Source: Vox, The Wichita Eagle, Harvard Law Bulletin

Pompeo told The Washington Post his business experience prompted him to run for public office. “I have run two small businesses in Kansas, and I have seen how government can crush entrepreneurism. That’s why I ran for Congress. It just so happens that there are a lot of people in south-central Kansas who agree with me on that.”

‘Midway’ movie takes war in the Pacific seriously
CAMP LEMONNIER, Djibouti – Soldiers assigned to the 2nd Combined Arms Battalion 137th Infantry Regiment, Kansas Army National Guard, hoist the Kansas state flag outside of the new battalion headquarters at Camp Lemonnier. (U.S. Navy photo by Petty Officer 1st Class Shawn D. Graham)

Source: The Washington Post

Pompeo also had some assistance from some allies back from his days at Thayer Aerospace. Koch Venture Capital had invested in his business, and Koch Industries became a major contributor throughout his political career.

Source: The Washington Post, Center for Responsive Politics

In 2016, Pompeo was the top recipient of Koch Industries’ contributions, receiving a total of $71,100 that year. Koch Industries and its employees contributed a total of $375,500 to Pompeo’s candidacies across his tenure in Congress.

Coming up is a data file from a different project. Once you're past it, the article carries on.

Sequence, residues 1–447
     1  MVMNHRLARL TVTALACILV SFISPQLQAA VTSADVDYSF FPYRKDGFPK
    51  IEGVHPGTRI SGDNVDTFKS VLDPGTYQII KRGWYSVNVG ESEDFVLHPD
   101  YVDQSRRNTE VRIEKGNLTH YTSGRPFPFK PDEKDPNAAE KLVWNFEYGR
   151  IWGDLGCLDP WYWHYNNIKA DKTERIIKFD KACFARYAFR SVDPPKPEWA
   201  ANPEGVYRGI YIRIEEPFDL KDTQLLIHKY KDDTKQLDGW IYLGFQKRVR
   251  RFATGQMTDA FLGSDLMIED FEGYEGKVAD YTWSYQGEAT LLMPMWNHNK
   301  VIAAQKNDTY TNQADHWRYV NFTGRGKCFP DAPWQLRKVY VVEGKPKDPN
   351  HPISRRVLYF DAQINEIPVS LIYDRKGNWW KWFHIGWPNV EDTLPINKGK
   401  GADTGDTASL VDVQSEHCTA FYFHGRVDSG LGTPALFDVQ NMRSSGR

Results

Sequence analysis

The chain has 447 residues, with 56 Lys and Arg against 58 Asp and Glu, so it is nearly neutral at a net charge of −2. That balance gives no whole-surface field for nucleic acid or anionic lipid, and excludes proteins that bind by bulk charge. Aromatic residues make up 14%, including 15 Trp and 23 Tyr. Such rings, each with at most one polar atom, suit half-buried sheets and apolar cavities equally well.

Source: The Washington Post, Center for Responsive Politics

During the presidential election, a Pompeo spokesperson said the Kansas representative would “support the nominee of the Republican Party because Hillary Clinton cannot be president of the United States.”

‘Midway’ movie takes war in the Pacific seriously
Mike Pompeo (CIA photo)

Source: Business Insider, Reuters, McClatchy

Pompeo had an estimated net worth of $266,510 in 2016, according to the Center for Responsive Politics. McClatchy reported he earns a $185,100 annual salary as CIA director.

Source: McClatchy, Center for Responsive Politics

Read more: How the Navy will enforce North Korean sanctions

In June, Pompeo told MSNBC that he frequently speaks to Trump about North Korea, saying, “I hardly ever escape a day at the White House without the President asking me about North Korea and how it is that the United States is responding to that threat.”

‘Midway’ movie takes war in the Pacific seriously
Kim Jong Un. (Photo by KCNA)

Source: Business Insider

His tenure hasn’t been without controversy. When Pompeo told the audience at a national security summit that Russian meddling in the 2016 presidential election didn’t affect its outcome, the CIA released a statement clarifying his remarks: “The intelligence assessment with regard to Russian election meddling has not changed, and the director did not intend to suggest that it had.”